Dana Majewski Due September 28, 2011 Mr. Klaff AP U.S In 1776, when the United States declared independence from Britain, the new country needed a set of laws to apply to all of the states to replace the earlier British rule. The colonists, however, were concerned that if the United States put too much power in the central government the states rights would vanish. Therefore, the first form of government, the Articles of Confederation, gave too much power to the states and insufficient power to the central government. States could create their own money and refuse federal taxes, which caused many tribulations and almost destroyed the new country. In 1787, delegates from twelve states came together to revise the Articles of Constitution to provide the citizens with a stronger central government.
Over the next few years it became evident that the system of government that had been chosen was not strong enough to completely settle and defend the frontier, regulating trade, currency and commerce, and organizing thirteen states into one union. So in the summer of 1787 delegates from the twelve states convened in Philadelphia to draft a new Constitution. They proposed a strong national government that would assume many of the powers previously imposed upon the states. (1) “No sooner than had the Continental Congress laid the proposed Constitution before the people for ratification, ” Irving Brant writes, “than a cry went up: it contained no Bill of Rights.”(2) People objected because the liberties they had fought for in the Revolution were not being protected by the Constitution, and then could be ignored by the federal government. The Anti-Federalist called for another convention to outline a Bill of Rights before the Constitution was approved.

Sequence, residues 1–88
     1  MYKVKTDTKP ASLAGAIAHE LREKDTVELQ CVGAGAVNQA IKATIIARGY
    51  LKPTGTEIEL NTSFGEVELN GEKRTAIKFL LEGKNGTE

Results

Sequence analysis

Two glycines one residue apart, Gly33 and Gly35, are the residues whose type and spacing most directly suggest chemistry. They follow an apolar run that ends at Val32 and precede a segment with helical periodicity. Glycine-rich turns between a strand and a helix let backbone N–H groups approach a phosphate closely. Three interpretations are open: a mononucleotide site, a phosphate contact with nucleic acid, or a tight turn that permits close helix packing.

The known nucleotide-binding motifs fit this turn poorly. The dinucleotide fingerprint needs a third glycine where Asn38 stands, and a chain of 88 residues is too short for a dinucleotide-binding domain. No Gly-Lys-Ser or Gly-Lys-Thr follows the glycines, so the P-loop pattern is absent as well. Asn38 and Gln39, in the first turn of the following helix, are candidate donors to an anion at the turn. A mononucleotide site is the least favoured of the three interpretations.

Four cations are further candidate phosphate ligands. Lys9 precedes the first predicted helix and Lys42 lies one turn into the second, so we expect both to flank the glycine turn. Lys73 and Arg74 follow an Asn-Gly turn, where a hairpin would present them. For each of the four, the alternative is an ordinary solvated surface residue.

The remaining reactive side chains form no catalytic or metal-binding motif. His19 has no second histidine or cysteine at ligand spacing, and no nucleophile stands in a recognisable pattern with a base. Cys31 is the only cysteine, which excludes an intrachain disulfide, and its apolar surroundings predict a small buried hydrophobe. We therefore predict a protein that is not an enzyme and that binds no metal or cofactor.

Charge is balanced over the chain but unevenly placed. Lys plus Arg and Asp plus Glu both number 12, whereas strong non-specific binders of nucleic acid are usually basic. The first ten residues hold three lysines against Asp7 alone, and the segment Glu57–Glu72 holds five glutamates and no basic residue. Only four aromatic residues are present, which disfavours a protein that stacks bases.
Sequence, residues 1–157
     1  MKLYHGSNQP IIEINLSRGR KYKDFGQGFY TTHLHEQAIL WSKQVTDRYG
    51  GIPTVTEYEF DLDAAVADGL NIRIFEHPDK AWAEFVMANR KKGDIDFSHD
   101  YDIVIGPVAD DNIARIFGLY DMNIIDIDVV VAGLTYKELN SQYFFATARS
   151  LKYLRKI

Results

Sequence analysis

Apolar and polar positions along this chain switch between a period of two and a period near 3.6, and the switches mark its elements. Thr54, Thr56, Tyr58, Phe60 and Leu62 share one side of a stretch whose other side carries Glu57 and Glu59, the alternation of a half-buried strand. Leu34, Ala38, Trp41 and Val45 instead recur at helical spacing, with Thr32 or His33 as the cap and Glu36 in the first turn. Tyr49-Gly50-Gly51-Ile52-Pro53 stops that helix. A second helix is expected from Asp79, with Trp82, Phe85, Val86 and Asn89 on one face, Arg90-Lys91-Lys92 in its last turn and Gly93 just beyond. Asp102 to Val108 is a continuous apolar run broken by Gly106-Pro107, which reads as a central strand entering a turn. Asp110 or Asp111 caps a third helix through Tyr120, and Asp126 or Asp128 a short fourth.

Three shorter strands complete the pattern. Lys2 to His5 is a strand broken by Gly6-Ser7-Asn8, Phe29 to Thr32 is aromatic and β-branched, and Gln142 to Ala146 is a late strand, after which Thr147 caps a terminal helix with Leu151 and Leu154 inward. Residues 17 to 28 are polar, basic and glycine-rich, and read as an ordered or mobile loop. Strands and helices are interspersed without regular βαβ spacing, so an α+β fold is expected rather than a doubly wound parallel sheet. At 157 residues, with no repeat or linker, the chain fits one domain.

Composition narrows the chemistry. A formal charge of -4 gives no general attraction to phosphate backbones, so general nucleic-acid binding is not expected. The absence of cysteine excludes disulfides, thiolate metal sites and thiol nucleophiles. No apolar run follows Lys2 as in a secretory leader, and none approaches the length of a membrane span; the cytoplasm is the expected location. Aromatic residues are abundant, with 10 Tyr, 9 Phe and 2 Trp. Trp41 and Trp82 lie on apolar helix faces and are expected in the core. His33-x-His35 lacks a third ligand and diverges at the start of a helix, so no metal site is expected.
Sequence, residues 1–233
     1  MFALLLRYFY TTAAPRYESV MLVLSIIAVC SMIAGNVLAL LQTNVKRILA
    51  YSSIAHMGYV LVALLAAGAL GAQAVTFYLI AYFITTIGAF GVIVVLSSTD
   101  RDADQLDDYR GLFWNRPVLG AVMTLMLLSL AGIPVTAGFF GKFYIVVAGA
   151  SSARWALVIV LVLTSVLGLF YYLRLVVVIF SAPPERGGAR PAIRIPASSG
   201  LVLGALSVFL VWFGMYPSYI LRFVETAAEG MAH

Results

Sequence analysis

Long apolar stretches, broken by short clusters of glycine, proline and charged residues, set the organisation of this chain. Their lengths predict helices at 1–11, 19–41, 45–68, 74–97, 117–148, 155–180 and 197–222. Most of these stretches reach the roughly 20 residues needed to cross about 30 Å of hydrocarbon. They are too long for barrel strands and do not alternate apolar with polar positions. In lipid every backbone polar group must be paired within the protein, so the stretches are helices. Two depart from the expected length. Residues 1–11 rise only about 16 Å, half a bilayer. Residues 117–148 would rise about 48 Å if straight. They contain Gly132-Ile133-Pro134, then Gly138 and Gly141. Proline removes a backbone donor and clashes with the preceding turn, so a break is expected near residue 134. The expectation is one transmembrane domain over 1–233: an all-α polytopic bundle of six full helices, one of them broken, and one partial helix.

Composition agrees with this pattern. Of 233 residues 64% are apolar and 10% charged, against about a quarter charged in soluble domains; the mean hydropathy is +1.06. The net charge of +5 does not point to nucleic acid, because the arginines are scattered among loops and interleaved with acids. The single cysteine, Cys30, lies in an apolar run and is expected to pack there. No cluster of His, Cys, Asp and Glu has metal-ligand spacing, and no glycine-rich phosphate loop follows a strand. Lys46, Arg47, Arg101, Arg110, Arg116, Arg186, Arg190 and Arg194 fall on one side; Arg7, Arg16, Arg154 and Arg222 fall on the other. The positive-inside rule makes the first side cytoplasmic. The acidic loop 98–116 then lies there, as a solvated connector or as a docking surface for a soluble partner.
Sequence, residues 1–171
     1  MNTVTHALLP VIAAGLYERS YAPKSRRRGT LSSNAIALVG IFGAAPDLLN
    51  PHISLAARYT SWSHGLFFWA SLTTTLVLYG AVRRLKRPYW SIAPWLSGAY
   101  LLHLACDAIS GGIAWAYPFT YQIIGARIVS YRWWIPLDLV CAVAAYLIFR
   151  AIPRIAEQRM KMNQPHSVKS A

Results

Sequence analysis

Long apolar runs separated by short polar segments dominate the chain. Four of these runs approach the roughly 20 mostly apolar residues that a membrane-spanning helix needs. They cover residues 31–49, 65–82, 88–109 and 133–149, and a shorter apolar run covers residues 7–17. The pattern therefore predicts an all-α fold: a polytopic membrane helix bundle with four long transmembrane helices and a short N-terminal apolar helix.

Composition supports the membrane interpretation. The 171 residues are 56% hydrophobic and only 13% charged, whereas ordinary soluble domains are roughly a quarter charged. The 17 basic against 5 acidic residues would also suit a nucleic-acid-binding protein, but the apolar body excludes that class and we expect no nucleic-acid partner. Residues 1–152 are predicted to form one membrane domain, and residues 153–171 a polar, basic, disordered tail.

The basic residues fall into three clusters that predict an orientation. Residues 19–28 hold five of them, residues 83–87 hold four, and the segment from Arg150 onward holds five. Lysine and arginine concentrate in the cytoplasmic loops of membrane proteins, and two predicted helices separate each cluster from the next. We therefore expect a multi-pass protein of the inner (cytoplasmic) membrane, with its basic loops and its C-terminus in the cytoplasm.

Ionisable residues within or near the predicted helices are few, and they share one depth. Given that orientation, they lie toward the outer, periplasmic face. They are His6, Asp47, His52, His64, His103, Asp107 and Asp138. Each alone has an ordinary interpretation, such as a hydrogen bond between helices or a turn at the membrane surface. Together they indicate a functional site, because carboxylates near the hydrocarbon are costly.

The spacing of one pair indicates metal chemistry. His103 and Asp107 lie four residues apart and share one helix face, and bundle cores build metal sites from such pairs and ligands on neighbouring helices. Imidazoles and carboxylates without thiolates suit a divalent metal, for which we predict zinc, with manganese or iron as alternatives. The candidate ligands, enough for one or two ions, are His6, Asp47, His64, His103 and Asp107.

It is apparent that the elite class of men would not represent all classes of men in an appropriate matter. The Federalists’ solution to this was to only have the elites be able to elect representative; the Anti-Federalists saw the need to point out that this representation would not be for the common good of the country and its citizens. The works of the Anti-Federalists shows that they were interested in the idea of having all types of men be represented in government. Works Cited Smith, Rogers M. Civic Ideals: Conflicting Visions of Citizenship in U.S. History. New Haven: Yale UP, 1997.
This reform came in the form of the Constitution of 1789. Commensurate representation was the first issue faced by the Confederation Congress. The Articles mandated a continuation of the structure used during the Revolutionary War, whereby each state had one vote in Congress, but some of the states disagreed. “If distance made unreasonable the notion that the thirteen colonies could be well governed from London, distance made almost equally far-fetched the notion that the thirteen states could be well governed by a single national government” (McDonald). Thus, the large states advocated a form of repres... ... middle of paper ... ...ver be passed and creating an inflexible government.